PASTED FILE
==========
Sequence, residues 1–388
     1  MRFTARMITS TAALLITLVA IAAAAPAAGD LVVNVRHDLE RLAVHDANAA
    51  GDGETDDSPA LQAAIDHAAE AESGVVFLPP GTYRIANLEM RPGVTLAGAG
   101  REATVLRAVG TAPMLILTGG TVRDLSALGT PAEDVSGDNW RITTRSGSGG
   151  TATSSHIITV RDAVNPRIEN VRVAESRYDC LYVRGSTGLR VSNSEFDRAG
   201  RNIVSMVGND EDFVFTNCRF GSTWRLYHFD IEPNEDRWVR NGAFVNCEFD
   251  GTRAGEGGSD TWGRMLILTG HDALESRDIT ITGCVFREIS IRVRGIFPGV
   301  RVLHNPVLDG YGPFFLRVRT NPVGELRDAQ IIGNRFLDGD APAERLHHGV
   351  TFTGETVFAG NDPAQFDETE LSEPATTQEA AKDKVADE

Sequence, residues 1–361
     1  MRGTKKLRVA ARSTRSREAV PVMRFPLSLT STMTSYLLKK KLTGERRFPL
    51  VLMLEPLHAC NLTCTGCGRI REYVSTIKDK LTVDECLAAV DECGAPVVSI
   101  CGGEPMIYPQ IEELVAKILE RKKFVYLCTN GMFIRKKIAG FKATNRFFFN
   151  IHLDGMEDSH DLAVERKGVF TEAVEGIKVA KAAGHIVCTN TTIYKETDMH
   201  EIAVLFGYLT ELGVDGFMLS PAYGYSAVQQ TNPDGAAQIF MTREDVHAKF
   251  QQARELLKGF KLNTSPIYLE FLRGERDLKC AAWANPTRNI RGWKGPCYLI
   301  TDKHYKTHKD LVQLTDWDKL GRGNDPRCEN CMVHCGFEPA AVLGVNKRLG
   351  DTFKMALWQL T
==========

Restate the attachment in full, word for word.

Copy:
Sequence, residues 1–388
     1  MRFTARMITS TAALLITLVA IAAAAPAAGD LVVNVRHDLE RLAVHDANAA
    51  GDGETDDSPA LQAAIDHAAE AESGVVFLPP GTYRIANLEM RPGVTLAGAG
   101  REATVLRAVG TAPMLILTGG TVRDLSALGT PAEDVSGDNW RITTRSGSGG
   151  TATSSHIITV RDAVNPRIEN VRVAESRYDC LYVRGSTGLR VSNSEFDRAG
   201  RNIVSMVGND EDFVFTNCRF GSTWRLYHFD IEPNEDRWVR NGAFVNCEFD
   251  GTRAGEGGSD TWGRMLILTG HDALESRDIT ITGCVFREIS IRVRGIFPGV
   301  RVLHNPVLDG YGPFFLRVRT NPVGELRDAQ IIGNRFLDGD APAERLHHGV
   351  TFTGETVFAG NDPAQFDETE LSEPATTQEA AKDKVADE

Sequence, residues 1–361
     1  MRGTKKLRVA ARSTRSREAV PVMRFPLSLT STMTSYLLKK KLTGERRFPL
    51  VLMLEPLHAC NLTCTGCGRI REYVSTIKDK LTVDECLAAV DECGAPVVSI
   101  CGGEPMIYPQ IEELVAKILE RKKFVYLCTN GMFIRKKIAG FKATNRFFFN
   151  IHLDGMEDSH DLAVERKGVF TEAVEGIKVA KAAGHIVCTN TTIYKETDMH
   201  EIAVLFGYLT ELGVDGFMLS PAYGYSAVQQ TNPDGAAQIF MTREDVHAKF
   251  QQARELLKGF KLNTSPIYLE FLRGERDLKC AAWANPTRNI RGWKGPCYLI
   301  TDKHYKTHKD LVQLTDWDKL GRGNDPRCEN CMVHCGFEPA AVLGVNKRLG
   351  DTFKMALWQL T